There’s nothing better than the model of holding large events for a regime defined by personal power. First of all, the preparation of such events can be done personally, under emergency conditions: so much the better for securing one’s authority. Second, your closest friends can reap big profits from the bloated budgets of such events. For example, Putin’s childhood friend and judo sparring partner Arkady Rotenberg won about $7.5bn worth of contracts just from the preparations for the Olympic Games in Sochi – an amount comparable to the total cost of the Vancouver Games.

After the Olympics, the next “event” is the Crimea, as cynical as that may sound. For foreign observers this was a surprise, but not for Russians. In the pro-government media (and in Russia, outlets expressing alternative points of view have been almost entirely eliminated) the rhetoric of living in a besieged fortress has reigned for a long time now. Moreover, the arch enemies the state points to are not countries with which Russia has actual territorial disputes, such as China or Japan, but the European Union countries and the United States. That is, countries that are culturally close to Russia, but with a much higher quality of life. Countries which made Russians realise – once they had seen them with their own eyes – that life in their own country could be very different: that a law-abiding citizen could live without fear of the police, or that the authorities could be accountable to their fellow citizens.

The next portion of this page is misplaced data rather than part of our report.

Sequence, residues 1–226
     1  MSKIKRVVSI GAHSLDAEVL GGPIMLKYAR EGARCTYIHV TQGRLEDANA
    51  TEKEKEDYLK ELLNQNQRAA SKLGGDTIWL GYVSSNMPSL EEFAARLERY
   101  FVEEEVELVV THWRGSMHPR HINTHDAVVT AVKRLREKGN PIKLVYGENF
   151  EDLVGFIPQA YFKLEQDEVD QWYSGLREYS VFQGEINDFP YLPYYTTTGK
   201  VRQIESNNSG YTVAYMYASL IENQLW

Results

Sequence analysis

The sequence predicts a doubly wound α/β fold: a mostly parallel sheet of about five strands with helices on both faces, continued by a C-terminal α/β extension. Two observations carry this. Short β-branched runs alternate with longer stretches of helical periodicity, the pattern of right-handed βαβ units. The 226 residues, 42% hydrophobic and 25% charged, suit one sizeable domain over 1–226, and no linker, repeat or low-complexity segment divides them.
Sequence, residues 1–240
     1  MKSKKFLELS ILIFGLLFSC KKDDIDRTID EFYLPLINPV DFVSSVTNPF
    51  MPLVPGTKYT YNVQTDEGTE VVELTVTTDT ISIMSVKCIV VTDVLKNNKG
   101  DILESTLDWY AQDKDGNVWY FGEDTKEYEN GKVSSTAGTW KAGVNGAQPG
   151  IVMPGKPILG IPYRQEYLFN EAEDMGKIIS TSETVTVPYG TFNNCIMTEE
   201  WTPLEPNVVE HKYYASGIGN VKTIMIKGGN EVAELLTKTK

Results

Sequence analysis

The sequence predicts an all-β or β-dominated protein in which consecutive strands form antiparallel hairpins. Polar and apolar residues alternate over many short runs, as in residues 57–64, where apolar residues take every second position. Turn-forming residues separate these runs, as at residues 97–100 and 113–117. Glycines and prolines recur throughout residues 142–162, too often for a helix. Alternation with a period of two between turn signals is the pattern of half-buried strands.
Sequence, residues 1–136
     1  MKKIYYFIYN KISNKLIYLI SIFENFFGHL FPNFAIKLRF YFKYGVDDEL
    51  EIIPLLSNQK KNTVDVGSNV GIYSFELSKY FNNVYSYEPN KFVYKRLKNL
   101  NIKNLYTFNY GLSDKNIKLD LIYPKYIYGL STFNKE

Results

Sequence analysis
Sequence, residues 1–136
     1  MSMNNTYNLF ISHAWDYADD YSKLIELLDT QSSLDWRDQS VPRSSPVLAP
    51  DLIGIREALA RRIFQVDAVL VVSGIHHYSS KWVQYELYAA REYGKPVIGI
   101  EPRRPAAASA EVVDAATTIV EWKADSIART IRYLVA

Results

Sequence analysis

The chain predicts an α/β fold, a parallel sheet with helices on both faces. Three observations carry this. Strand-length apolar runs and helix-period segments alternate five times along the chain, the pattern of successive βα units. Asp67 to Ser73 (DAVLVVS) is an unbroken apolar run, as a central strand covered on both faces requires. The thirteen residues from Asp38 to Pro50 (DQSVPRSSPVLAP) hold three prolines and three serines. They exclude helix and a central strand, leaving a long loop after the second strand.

Over the past two months, with the intensification of the opposition movement in Ukraine, the search for internal enemies also became a feature of the Russian media – a sad and frightening throwback to the Stalin era. People who disagreed with the authorities became a “fifth column,” and one began to hear justifications of the repressions of Stalin, who of course “killed a lot of people” but among whose victims were “real enemies of the Soviet government and accomplices of fascism.” The fact that, having signed the Molotov-Ribbentrop Pact in 1939, Stalin had himself become an “accomplice of fascism” is delicately omitted in these films and TV shows.